My great privilege to report on banking's dire upheaval
This is my final “Bottom Line” column as Finance Correspondent for The Irish Times before I move to the United States to become Washington Correspondent. It has been a tumultuous five years covering the demise of the Irish banks from the peaks they held in 2007 to the deep gullies out of which they are now trying to climb.
Little did I know the people I would be asking questions of at press conferences five years ago covering bank results would be in the dock in the criminal courts facing questions of a far different kind.
In journalism, being in the right place at the right time is everything and becoming banking correspondent for a daily newspaper within days of queues forming at Northern Rock branches in Britain and Ireland meant luck played a big part in the timing of my decision to choose that role.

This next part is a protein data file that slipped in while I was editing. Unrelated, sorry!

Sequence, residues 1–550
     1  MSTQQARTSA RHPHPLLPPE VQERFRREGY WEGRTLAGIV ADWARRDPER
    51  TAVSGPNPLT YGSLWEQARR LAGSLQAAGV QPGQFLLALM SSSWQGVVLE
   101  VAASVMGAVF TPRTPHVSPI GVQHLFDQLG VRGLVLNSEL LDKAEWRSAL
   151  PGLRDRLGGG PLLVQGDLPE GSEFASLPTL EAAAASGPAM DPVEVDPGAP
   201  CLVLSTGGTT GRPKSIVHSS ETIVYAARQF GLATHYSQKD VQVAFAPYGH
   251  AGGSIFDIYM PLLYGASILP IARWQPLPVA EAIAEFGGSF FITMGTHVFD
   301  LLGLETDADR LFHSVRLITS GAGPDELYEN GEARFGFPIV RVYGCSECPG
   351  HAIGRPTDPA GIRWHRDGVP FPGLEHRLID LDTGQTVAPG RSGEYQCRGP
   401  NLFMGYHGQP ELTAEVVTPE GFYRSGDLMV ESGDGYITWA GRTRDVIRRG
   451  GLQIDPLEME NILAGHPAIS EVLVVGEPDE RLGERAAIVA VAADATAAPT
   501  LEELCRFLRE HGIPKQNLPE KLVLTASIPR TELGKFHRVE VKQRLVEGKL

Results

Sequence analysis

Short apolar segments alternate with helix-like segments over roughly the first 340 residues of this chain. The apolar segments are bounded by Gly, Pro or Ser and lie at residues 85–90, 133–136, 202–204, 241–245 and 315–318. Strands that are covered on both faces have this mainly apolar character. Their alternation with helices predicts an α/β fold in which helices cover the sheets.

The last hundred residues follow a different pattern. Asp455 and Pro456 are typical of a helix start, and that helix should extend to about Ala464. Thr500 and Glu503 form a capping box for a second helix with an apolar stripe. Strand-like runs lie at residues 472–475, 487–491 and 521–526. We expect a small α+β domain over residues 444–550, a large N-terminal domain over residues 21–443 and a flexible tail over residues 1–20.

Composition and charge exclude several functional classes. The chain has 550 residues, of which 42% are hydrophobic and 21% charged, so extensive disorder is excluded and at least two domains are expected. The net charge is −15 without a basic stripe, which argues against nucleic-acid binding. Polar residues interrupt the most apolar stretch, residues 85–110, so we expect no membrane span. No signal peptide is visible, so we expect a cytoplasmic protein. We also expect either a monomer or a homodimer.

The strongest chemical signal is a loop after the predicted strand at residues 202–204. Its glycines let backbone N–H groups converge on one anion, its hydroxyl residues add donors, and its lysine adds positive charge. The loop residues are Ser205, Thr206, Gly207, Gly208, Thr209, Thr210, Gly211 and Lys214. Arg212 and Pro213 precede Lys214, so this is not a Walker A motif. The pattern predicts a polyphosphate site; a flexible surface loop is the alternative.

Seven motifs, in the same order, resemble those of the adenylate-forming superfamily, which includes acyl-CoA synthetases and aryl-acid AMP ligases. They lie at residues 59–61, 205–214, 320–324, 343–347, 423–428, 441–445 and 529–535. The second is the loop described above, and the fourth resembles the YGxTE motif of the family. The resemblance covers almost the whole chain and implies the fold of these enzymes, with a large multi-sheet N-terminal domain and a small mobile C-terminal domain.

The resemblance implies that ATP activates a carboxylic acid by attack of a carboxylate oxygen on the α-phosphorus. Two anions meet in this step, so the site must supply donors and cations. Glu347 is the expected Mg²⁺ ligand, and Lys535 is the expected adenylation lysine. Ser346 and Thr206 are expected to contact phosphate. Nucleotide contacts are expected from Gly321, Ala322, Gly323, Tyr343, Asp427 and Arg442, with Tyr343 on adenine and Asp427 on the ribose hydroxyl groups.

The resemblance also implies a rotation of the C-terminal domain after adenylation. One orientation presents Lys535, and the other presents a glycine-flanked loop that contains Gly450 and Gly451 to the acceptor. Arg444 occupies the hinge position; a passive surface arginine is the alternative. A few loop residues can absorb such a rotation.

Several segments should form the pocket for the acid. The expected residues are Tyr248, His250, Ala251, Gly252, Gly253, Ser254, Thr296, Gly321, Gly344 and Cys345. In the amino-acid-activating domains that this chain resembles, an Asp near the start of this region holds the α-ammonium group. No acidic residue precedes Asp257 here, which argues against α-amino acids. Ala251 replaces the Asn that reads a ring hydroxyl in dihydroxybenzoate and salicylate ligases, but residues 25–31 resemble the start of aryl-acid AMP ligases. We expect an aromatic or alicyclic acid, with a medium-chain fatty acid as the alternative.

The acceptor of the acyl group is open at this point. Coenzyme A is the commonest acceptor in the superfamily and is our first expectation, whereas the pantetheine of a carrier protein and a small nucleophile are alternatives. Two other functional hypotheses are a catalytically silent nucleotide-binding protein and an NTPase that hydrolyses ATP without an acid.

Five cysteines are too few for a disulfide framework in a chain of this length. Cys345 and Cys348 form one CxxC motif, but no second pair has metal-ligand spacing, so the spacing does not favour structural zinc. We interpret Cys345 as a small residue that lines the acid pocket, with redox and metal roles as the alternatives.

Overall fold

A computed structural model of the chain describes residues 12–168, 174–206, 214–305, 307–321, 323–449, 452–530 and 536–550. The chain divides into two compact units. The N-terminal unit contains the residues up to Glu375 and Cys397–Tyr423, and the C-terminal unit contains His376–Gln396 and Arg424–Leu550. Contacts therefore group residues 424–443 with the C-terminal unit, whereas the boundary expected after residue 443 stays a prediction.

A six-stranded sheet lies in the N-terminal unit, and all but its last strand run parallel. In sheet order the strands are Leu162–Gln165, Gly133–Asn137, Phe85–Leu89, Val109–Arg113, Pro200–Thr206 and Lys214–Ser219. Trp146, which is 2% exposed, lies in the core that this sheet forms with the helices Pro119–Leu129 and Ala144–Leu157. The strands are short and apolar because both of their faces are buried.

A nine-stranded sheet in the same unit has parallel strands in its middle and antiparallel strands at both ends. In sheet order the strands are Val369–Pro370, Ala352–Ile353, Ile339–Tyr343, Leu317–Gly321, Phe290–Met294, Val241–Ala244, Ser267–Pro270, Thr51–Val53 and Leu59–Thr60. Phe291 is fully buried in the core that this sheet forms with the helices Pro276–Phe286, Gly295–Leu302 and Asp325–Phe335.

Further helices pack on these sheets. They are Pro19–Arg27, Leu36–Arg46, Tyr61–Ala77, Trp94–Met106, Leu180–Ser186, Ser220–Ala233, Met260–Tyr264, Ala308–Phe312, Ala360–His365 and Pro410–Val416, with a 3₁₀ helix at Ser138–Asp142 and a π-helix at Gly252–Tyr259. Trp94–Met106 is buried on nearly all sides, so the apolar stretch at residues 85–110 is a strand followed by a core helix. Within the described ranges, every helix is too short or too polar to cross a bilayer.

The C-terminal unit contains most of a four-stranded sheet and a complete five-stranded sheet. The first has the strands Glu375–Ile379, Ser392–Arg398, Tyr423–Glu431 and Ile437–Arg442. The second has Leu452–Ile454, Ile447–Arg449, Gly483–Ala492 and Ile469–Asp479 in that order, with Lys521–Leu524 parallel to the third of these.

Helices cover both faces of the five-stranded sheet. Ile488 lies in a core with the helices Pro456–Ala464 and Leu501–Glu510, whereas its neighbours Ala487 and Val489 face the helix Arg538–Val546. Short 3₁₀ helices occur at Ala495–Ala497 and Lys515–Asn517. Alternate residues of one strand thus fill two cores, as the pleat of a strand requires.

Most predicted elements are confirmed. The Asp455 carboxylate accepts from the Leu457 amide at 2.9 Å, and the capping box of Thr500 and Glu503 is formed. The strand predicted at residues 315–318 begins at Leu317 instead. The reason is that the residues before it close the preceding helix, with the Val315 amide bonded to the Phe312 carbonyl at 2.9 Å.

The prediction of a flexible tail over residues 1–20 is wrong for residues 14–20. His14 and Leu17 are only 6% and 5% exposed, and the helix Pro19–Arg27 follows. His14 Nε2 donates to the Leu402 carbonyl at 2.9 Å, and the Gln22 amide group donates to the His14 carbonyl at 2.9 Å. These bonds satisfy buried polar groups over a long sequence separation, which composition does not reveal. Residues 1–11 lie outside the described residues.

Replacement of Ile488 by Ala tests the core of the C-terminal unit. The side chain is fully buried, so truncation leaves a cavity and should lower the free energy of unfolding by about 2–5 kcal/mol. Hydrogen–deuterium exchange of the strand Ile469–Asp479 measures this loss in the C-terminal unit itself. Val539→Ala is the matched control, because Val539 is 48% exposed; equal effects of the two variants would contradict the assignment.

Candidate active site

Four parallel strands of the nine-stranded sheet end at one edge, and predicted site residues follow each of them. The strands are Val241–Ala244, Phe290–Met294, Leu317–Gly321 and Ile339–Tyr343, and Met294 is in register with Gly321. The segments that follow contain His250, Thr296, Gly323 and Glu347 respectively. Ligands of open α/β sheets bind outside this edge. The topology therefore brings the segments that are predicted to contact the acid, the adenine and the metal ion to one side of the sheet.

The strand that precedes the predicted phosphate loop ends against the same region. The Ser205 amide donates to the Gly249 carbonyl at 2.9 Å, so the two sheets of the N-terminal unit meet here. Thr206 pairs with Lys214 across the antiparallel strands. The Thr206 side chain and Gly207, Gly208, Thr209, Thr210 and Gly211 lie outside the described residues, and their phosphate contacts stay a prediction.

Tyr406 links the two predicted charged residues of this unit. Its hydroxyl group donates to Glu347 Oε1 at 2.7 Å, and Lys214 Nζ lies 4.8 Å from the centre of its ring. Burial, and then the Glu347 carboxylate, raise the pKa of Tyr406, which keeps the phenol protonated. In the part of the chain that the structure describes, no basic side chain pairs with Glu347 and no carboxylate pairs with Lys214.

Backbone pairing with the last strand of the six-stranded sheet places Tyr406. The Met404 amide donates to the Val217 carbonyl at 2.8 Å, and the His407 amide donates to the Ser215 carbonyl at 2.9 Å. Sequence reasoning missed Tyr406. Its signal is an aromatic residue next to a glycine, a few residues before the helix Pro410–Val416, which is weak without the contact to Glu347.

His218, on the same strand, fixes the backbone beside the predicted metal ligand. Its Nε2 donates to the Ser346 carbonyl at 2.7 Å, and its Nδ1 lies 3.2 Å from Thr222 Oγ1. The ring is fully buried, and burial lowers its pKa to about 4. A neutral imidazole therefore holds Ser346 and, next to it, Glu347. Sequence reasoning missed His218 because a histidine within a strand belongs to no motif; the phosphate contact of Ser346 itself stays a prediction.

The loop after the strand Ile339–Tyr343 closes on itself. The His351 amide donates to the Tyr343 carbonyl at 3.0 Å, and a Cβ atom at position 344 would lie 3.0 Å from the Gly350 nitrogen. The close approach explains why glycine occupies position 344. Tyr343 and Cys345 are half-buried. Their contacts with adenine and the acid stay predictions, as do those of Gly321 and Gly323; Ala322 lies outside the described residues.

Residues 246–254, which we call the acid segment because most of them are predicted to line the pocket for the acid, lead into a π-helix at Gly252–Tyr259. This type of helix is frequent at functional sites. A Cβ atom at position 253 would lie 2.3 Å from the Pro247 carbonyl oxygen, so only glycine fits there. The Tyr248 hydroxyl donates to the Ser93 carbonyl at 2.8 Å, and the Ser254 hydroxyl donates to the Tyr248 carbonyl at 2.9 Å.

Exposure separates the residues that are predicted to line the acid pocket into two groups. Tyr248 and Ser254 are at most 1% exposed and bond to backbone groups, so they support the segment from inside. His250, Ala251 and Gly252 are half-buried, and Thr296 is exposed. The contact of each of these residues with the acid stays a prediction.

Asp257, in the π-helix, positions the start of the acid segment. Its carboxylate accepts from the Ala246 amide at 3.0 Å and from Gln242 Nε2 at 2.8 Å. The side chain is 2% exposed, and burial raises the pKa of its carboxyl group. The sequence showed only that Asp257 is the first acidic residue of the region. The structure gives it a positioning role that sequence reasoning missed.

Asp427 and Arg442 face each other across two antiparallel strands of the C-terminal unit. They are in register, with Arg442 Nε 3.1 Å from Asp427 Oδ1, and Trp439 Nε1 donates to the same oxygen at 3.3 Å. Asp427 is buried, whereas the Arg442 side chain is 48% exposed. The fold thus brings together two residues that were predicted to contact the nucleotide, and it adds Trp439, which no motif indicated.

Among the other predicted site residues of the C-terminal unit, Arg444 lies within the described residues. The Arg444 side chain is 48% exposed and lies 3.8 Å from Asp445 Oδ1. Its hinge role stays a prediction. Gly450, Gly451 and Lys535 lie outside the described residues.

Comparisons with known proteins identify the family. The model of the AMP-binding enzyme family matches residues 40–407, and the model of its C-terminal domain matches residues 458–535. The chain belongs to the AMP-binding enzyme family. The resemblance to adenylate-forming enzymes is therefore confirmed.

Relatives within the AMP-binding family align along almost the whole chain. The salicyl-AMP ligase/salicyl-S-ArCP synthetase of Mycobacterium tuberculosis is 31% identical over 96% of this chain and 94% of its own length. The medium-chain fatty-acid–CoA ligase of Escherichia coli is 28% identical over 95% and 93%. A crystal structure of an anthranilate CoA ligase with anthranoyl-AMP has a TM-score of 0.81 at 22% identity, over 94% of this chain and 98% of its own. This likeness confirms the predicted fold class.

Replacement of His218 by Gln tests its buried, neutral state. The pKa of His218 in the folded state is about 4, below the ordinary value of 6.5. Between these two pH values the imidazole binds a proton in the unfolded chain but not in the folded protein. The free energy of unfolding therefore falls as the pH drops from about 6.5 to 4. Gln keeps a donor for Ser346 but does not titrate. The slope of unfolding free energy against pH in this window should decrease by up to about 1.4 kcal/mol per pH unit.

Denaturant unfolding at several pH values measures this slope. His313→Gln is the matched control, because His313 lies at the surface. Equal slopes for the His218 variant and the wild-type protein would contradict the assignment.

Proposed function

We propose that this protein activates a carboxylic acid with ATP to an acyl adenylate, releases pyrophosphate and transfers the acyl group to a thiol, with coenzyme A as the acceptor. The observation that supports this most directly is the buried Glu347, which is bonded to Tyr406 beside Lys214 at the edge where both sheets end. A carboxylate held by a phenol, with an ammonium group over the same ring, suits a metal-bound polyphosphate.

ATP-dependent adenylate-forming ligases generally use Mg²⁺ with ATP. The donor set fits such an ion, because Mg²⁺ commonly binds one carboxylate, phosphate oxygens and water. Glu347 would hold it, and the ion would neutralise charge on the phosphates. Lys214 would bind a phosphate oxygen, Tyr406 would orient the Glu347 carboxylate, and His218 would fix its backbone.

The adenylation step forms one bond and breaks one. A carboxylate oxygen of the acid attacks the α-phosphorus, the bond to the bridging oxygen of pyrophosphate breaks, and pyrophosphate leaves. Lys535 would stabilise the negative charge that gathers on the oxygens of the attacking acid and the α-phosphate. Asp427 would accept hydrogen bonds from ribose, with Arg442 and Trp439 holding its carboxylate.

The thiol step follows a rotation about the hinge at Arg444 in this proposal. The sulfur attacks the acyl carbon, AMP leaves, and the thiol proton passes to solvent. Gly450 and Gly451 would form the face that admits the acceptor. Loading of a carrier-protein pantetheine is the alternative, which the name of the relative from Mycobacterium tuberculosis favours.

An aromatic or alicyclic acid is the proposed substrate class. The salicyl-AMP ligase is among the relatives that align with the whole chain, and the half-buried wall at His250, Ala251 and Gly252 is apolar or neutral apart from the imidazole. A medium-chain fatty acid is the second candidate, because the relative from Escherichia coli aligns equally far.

The banking crisis dragged financial news from well inside the newspaper on to the front pages most days and pushed the most technical minutiae of the workings of banking up the television and news bulletins for consumption by the masses.
Writing about the likes of credit default swaps for financially literate readers was one thing but explaining complex matters of banking to lay readers meant understanding it first (obviously) and writing about it clearly and in a way that you would not lose the reader by the third paragraph.
When a taxi driver launches into a diatribe about why subordinated bondholders shouldn’t get their money back, you know you have to stay on top of things.
It’s the little things that make you realise, in a crisis, that it’s not just financial anoraks reading your articles. I was in a late bar a few years back when two not-unattractive young women approached me. One asked how I thought Nama would work. I would be taking irresponsible journalistic licence if I said that approaches from such women in such circumstances were a regular occurrence.
Neither do you expect certain reactions during a crisis. One very wet morning, there was nothing but an Anglo Irish Bank umbrella (given to me as a joke) to grab at home as I rushed out to make a meeting. I started getting paranoid as taxi after taxi passed me by. I became even more paranoid later in the day when a cab ploughed into a puddle and drenched me. I understood then why a banker once wrote anonymously in this newspaper that he preferred to get wet rather than humiliated by carrying an Anglo umbrella.